Parque nacional Nahuel Huapi

( Nahuel Huapi National Park )

Nahuel Huapi National Park (Spanish: Parque Nacional Nahuel Huapi) is the oldest national park in Argentina, established in 1922 as Parque Nacional de Sud and reconfiguered in 1934. It surrounds Nahuel Huapi Lake in the foothills of the Patagonian Andes. The largest of the national parks in the region, it has an area of 7,050 km2 (2,720 sq mi), or nearly 2 million acres. Its landscapes represent the north Patagonian Andean Zone consisting of three types, namely, the Altoandino (with perpetual snow above an altitude of 1,600 metres (5,200 ft)), the Andino-Patagónico (in the lower reaches of the hills) and the Patagonian steppe. It also represents small parts of the Valdivian Rainforest.

The park and the reserve lie at an altitude of 720–3,574 metres (2,362–11,726 ft), and are designated under IUCN management categories II (National Park) and IV (Management Reserve). The park is completely protected while the reserve is partially protected. ...Read more

Nahuel Huapi National Park (Spanish: Parque Nacional Nahuel Huapi) is the oldest national park in Argentina, established in 1922 as Parque Nacional de Sud and reconfiguered in 1934. It surrounds Nahuel Huapi Lake in the foothills of the Patagonian Andes. The largest of the national parks in the region, it has an area of 7,050 km2 (2,720 sq mi), or nearly 2 million acres. Its landscapes represent the north Patagonian Andean Zone consisting of three types, namely, the Altoandino (with perpetual snow above an altitude of 1,600 metres (5,200 ft)), the Andino-Patagónico (in the lower reaches of the hills) and the Patagonian steppe. It also represents small parts of the Valdivian Rainforest.

The park and the reserve lie at an altitude of 720–3,574 metres (2,362–11,726 ft), and are designated under IUCN management categories II (National Park) and IV (Management Reserve). The park is completely protected while the reserve is partially protected. The national park is dominated by the high mountain chain of the Andes, many lakes, rapid rivers, waterfalls, snow-clad peaks, glaciers and extensive forests. It is bordered by Chile on its western side.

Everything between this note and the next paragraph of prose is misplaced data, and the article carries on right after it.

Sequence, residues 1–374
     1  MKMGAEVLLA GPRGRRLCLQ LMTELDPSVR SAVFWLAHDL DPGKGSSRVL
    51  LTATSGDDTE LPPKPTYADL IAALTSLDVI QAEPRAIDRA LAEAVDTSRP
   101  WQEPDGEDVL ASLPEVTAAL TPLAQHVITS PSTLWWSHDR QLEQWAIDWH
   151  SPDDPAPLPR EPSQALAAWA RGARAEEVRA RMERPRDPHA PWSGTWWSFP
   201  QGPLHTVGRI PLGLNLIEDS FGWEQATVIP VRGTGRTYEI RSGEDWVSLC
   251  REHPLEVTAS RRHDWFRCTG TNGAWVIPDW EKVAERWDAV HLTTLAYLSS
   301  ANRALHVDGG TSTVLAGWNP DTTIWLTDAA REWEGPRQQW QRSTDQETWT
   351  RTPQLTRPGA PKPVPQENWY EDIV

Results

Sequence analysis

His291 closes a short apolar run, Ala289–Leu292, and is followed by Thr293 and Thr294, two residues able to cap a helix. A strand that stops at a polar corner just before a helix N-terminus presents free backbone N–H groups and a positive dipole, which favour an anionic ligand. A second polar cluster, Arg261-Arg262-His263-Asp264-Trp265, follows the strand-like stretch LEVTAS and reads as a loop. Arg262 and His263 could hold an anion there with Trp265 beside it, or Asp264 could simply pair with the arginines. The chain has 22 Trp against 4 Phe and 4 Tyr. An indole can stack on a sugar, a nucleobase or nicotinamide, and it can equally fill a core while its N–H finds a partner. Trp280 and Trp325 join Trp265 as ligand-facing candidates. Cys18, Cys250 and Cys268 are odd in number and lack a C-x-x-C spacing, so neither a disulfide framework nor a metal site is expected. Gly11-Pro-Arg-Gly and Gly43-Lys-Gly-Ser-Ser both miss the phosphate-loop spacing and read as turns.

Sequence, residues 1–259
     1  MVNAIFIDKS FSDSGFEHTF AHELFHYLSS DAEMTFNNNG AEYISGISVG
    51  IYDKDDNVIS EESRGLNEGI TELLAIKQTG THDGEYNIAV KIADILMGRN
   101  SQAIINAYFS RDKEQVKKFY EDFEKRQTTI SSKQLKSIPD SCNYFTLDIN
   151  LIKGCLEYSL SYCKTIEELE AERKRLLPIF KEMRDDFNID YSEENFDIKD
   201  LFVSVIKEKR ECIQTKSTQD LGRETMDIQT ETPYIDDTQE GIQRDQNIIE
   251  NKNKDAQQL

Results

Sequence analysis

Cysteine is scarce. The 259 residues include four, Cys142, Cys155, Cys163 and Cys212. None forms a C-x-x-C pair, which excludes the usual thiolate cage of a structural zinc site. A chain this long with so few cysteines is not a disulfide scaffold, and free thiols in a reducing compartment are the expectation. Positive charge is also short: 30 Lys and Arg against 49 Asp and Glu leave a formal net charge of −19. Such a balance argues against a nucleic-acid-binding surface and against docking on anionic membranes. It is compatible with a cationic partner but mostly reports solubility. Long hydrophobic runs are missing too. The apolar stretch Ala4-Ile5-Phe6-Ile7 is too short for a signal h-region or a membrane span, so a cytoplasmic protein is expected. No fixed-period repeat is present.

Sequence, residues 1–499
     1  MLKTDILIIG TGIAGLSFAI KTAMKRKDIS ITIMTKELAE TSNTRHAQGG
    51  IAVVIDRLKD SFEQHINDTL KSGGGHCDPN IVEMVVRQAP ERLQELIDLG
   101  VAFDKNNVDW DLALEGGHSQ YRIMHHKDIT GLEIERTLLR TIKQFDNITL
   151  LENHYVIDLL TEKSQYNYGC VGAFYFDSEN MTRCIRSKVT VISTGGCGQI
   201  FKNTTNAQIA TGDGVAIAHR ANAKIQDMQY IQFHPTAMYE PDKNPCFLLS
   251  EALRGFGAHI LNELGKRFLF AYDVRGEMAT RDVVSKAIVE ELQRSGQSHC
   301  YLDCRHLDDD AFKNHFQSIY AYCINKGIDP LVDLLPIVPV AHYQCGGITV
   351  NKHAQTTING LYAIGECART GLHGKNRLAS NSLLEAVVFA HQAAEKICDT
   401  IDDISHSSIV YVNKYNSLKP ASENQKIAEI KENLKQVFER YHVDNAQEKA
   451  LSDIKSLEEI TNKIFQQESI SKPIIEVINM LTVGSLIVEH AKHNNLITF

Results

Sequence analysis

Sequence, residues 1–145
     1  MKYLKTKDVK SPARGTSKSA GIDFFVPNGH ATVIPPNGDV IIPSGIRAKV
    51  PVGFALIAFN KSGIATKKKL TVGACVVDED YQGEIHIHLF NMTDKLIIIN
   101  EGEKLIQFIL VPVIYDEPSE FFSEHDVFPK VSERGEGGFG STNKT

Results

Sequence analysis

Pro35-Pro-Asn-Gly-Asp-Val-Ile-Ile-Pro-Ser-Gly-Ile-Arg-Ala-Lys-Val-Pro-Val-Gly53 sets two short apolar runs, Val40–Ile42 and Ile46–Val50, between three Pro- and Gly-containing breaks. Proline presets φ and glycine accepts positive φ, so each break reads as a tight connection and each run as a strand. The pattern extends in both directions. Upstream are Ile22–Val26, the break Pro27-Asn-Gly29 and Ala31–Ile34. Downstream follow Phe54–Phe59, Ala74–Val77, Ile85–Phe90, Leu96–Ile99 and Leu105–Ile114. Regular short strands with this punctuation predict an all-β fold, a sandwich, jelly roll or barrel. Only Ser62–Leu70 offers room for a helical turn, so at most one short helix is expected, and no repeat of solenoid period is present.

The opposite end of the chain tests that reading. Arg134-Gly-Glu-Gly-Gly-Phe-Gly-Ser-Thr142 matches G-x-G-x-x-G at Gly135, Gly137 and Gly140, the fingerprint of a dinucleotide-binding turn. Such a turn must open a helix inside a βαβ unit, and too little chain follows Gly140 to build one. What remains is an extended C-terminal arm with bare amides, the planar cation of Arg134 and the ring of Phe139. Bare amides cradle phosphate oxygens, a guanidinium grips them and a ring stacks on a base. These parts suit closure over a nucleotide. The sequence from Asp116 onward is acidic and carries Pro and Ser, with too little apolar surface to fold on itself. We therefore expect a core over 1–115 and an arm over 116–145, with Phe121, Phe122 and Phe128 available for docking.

The earliest discovery of Nahuel Huapi by the non-indigenous peoples is linked to the conquest of Chile. In the summer of 1552–1553, the Governor of Chile Pedro de Valdivia sent Francisco de Villagra to explore the area east of the Andes at the latitudes of the city of Valdivia. Francisco de Villagra crossed the Andes through Mamuil Malal Pass and headed south until reaching Limay River in the vicinity of Nahuel Huapi Lake.[1]

In colonial times explorers in the search for the legendary "Ciudad de Los Cesares" visited the zone and Jesuit missionaries coming from Chiloé Archipelago established a precarious mission on the shores of the lake.[1][2] Quinoa is known to have been cultivated near the shores of the lake during this period.[3]

In the 1870s and 1880s Perito Moreno undertook a series of exploration trips into Patagonia. Later he worked for the Argentine government's boundary commission. In short —Perito Morenos‘ explorations and work were fundamental for securing Argentine sovereignty of the Nahuel Huapi area.[4] As compensation for his services Perito Moreno was granted a huge tract of land around Nahuel Huapi Lake.[4]